CLEC-2 and CLEC9A are expressed as dimers on the cell surface. It is proposed that ligand engagement leads to further clustering with the tandem SH2 domains of Syk bridging two phosphorylated hemITAMs in two separate dimer combinations (3, 18, 20). Subsequently, a combination of Src kinase phosphorylation and autophosphorylation leads to further activation of Syk and initiation of a signaling pathway culminating in phospholipase Cγ2 (PLCγ2) activation (2, 3, 9–11).
To date, the publications on this novel family of receptors have described a dependence on Syk for signaling (18, 19, 21) but have not investigated the dependence on the other member of the Syk family of tyrosine kinases, Zap-70. Both kinases possess tandem SH2 domains required for ITAM signaling, but they differ in many ways including a much lower intrinsic kinase activity and conformational restraints in Zap-70 which may preclude the bridging model described above. On the other hand, there are several reports of signaling by CLEC-2 in transfected Jurkat T cells which express Zap-70 at high levels, but little or no Syk (2, 9, 21).
In this study we have investigated the role of the triacidic amino acid sequence and the ability of Zap-70 to mediate signaling by CLEC-2. We show that the triacidic amino acid sequence is critical for hemITAM phosphorylation but that CLEC-2 is unable to signal via Zap-70.
Rhodocytin was purified from Calloselasma rhodostoma venom (22). A rabbit α-Syk polyclonal antibody (pAb) was used as reported (23). The goat α-human CLEC-2 pAb was purchased from R&D Systems. The α-Myc monoclonal antibody (mAb) 9B11 was from Cell Signaling Technology. The mouse α-FcγRIIA mAb (IV.3) was kindly provided by Dr. Y. Senis. Horseradish peroxidase-conjugated α-rabbit and α-goat secondary antibody and enhanced chemiluminescence reagents were purchased from Amersham Biosciences. GST fusion proteins corresponding to single or tandem SH2 domains of Syk were prepared as described previously (24, 25). Biotinylated peptides were synthesized by Severn Biotech. All other reagents were purchased from Sigma-Aldrich or from described sources (26).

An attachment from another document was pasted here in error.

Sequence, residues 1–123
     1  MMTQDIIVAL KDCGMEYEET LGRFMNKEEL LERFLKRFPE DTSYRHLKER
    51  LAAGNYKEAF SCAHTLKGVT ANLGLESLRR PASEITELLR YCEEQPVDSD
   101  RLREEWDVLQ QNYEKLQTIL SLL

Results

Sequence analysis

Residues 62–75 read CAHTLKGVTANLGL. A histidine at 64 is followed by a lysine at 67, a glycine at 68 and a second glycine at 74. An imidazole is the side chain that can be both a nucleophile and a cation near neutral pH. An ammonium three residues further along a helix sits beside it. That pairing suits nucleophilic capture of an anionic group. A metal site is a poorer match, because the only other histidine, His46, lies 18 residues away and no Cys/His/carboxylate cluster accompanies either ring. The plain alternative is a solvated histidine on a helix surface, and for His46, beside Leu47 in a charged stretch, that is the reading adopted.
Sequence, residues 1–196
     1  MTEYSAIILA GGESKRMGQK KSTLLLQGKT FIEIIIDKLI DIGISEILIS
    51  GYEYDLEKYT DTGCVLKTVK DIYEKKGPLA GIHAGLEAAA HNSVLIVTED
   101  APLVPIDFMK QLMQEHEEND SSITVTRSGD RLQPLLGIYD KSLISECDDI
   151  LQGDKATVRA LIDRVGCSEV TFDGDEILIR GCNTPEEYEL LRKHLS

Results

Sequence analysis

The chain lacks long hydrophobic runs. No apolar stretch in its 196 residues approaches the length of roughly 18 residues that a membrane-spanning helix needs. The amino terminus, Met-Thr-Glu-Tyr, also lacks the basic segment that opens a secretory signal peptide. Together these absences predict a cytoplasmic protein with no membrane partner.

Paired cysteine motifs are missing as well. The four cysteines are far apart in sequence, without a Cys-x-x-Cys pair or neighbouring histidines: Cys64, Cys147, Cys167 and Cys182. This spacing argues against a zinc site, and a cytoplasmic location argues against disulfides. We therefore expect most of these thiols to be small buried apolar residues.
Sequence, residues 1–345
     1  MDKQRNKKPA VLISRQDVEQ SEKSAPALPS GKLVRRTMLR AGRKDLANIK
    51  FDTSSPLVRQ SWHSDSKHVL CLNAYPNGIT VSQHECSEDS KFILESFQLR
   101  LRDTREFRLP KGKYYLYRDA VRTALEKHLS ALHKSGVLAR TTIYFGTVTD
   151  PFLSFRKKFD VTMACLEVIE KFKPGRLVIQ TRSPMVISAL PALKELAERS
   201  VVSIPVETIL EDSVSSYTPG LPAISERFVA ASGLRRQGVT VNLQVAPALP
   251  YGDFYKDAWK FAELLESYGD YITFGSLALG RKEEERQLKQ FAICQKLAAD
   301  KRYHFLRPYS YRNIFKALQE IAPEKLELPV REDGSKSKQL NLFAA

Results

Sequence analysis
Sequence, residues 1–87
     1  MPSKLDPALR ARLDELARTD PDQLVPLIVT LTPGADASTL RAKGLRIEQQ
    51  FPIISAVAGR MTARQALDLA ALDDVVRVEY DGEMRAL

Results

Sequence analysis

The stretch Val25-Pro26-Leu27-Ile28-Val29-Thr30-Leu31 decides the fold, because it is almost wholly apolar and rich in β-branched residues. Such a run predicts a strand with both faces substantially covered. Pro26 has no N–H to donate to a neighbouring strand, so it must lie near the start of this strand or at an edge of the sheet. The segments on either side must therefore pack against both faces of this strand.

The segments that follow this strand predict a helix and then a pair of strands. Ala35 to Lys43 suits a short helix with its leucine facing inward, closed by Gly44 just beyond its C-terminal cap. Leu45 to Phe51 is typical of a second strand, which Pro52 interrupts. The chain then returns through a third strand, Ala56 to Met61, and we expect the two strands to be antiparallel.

Venous blood from healthy drug-free volunteers was taken into 10% sodium citrate. Washed platelets were obtained by centrifugation using prostacyclin to prevent activation during the isolation procedure (3). Platelets were resuspended in modified Tyrode's buffer (134 mm NaCl, 0.34 mm Na2HPO4, 2.9 mm KCl, 12 mm NaHCO3, 20 mm HEPES, 5 mm glucose, 1 mm MgCl2; pH 7.3) as described (3). Platelets were used at a cell density of 5 × 108/ml unless stated otherwise.
Washed platelets were pretreated with 9 μm Integrilin to inhibit platelet aggregation through integrin αIIbβ3. Stimulations with collagen-related peptide (CRP) or mAb IV.3 were pretreated with 10 μm indomethacin and 2 units/ml apyrase to inhibit thromboxane production and block ADP, respectively. Platelets were stimulated with agonists at 37 °C with stirring at 1200 rpm in a Born lumiaggregometer. Reactions were terminated by addition of 2× ice-cold Nonidet P-40 lysis buffer. Platelet lysates were precleared, and detergent-insoluble debris was discarded. An aliquot was dissolved with SDS sample buffer for detection of total tyrosine phosphorylation. Lysates were incubated with either the indicated antibodies and protein G- or protein A-Sepharose. Precipitated proteins and whole cell lysates were separated by reducing SDS-PAGE, electrotransferred, and Western blotted.